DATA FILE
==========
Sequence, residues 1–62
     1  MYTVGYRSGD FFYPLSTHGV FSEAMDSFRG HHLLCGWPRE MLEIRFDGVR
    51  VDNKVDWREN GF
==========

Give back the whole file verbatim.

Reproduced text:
Sequence, residues 1–62
     1  MYTVGYRSGD FFYPLSTHGV FSEAMDSFRG HHLLCGWPRE MLEIRFDGVR
    51  VDNKVDWREN GF